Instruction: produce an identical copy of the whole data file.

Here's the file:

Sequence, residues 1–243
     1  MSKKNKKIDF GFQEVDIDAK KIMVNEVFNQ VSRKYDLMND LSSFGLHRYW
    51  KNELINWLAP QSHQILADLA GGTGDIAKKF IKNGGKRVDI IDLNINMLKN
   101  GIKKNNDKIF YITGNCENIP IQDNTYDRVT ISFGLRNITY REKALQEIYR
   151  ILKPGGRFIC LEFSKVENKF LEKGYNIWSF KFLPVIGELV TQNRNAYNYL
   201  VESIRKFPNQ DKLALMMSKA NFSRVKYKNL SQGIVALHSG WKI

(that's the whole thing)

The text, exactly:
Sequence, residues 1–243
     1  MSKKNKKIDF GFQEVDIDAK KIMVNEVFNQ VSRKYDLMND LSSFGLHRYW
    51  KNELINWLAP QSHQILADLA GGTGDIAKKF IKNGGKRVDI IDLNINMLKN
   101  GIKKNNDKIF YITGNCENIP IQDNTYDRVT ISFGLRNITY REKALQEIYR
   151  ILKPGGRFIC LEFSKVENKF LEKGYNIWSF KFLPVIGELV TQNRNAYNYL
   201  VESIRKFPNQ DKLALMMSKA NFSRVKYKNL SQGIVALHSG WKI